Important It is possible that the main title of the report Chronic Intestinal Pseudo-obstruction is not the name you expected. Please check the synonyms listing to find the alternate name(s) and disorder subdivision(s) covered by this report.
chronic idiopathic intestinal pseudo-obstruction
Summary Chronic intestinal pseudo-obstruction (CIP) is a rare, potentially disabling gastrointestinal disorder characterized by abnormalities affecting the involuntary, coordinated muscular contractions (a process called peristalsis) of the gastrointestinal (GI) tract. Peristalsis propels food and other material through the digestive system under the control of nerves, pacemaker cells and hormones. CIP usually results from abnormalities affecting the muscles or nerves that are involved in peristalsis. Consequently, peristalsis becomes altered and inefficient. The symptoms of CIP resemble those caused by mechanical obstruction of the small bowel. Mechanical obstruction refers to something (such as a tumor, scar tissue, etc.) physically blocking the passage of food and other material through the GI tract. In individuals with CIP no such physical obstruction is present, hence the term pseudo-obstruction. Common symptoms include nausea, vomiting, abdominal pain, abdominal swelling (distention) and constipation. Ultimately, normal nutritional requirements cannot be met leading to unintended weight loss and malnourishment. CIP can potentially cause severe, even life-threatening complications.
Introduction There is no agreed upon classification system for CIP and proposed classification systems tend to be complex and confusing. There are also many different causes of CIP, which only adds to the confusion. The unifying concept for CIP regardless of cause is an abnormality affecting the passage of food and other material through the digestive system (gastrointestinal motility). Generally, CIP is broken down into two main forms depending on whether the disorder involves the muscles (myopathic CIP) or nerves (neuropathic CIP) of the GI tract that are involved in peristalsis. Some researchers lump enteric dysmotility together with CIP. The prognosis of this separate yet similar condition is different from CIP. This report deals solely with the strict definition of CIP as a disorder that causes an "obstruction-like" picture.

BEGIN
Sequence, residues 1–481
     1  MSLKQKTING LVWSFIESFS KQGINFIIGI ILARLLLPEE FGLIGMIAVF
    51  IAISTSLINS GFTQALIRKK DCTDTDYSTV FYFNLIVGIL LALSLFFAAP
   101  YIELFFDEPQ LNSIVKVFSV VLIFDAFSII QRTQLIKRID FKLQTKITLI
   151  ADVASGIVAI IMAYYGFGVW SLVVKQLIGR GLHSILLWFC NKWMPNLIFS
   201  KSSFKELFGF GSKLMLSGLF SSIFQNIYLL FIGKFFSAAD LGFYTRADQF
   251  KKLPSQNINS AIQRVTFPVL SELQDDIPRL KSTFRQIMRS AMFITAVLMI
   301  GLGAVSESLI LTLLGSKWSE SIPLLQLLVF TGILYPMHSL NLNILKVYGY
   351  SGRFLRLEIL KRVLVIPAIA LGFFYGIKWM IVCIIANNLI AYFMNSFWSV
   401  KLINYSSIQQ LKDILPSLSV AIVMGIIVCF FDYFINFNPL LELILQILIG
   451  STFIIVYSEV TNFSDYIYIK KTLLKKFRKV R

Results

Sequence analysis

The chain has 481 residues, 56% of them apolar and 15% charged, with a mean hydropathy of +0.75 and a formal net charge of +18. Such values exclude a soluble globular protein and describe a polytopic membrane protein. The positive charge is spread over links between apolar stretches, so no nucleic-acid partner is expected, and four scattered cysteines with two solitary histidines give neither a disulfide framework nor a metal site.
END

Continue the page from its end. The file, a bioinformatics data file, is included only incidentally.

Association of Gastrointestinal Motility Disorders, Inc. 12 Roberts Drive Bedford, MA 01730 Tel: (781)275-1300 Fax: (781)275-1304 Email: firstname.lastname@example.org Internet: http://www.agmd-gimotility.org
Digestive Disease National Coalition 507 Capitol Court, NE Suite 200 Washington, DC 20002 Tel: (202)544-7497 Fax: (202)546-7105 Email: email@example.com Internet: http://www.ddnc.org
NIH/National Institute of Diabetes, Digestive & Kidney Diseases Office of Communications & Public Liaison Bldg 31, Rm 9A06 31 Center Drive, MSC 2560 Bethesda, MD 20892-2560 Tel: (301)496-3583 Email: NDDIC@info.niddk.nih.gov Internet: http://www2.niddk.nih.gov/
International Foundation for Functional Gastrointestinal Disorders 700 W. Virginia St., 201 Milwaukee, WI 53217 USA Tel: (414)964-1799 Fax: (414)964-7176 Tel: (888)964-2001 Email: firstname.lastname@example.org Internet: http://www.iffgd.org
Bowel Group for Kids Inc. PO Box 40 Oakdale, NSW, 2570 Austrailia Tel: 02 4659 6067 Fax: 61 2 4659 6381 Email: email@example.com Internet: http://www.bgk.org.au
Genetic and Rare Diseases (GARD) Information Center PO Box 8126 Gaithersburg, MD 20898-8126 Tel: (301)251-4925 Fax: (301)251-4911 Tel: (888)205-2311 TDD: (888)205-3223 Internet: http://rarediseases.info.nih.gov/GARD/
CORE 3 St. Andrews Place London, NW1 4LB United Kingdom Tel: 02074860341 Fax: 02072242012 Email: firstname.lastname@example.org Internet: http://www.corecharity.org.uk
Gastroparesis & Dysmotilities Association 5520 Dalhart Hill N.W. Calgary, AB, T3A 1S9 Canada Tel: 4032473215 Email: email@example.com Internet: http://www.digestivedistress.com
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